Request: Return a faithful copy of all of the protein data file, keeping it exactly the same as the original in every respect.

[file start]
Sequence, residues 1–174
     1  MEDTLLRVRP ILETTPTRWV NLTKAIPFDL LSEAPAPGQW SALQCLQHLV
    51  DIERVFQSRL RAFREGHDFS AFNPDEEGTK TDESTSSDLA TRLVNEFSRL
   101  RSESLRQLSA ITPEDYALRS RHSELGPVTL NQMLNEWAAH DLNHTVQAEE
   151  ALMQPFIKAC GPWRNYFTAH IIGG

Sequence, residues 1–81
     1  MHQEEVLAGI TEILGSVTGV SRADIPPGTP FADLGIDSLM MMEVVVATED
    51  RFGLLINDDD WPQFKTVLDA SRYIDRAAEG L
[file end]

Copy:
Sequence, residues 1–174
     1  MEDTLLRVRP ILETTPTRWV NLTKAIPFDL LSEAPAPGQW SALQCLQHLV
    51  DIERVFQSRL RAFREGHDFS AFNPDEEGTK TDESTSSDLA TRLVNEFSRL
   101  RSESLRQLSA ITPEDYALRS RHSELGPVTL NQMLNEWAAH DLNHTVQAEE
   151  ALMQPFIKAC GPWRNYFTAH IIGG

Sequence, residues 1–81
     1  MHQEEVLAGI TEILGSVTGV SRADIPPGTP FADLGIDSLM MMEVVVATED
    51  RFGLLINDDD WPQFKTVLDA SRYIDRAAEG L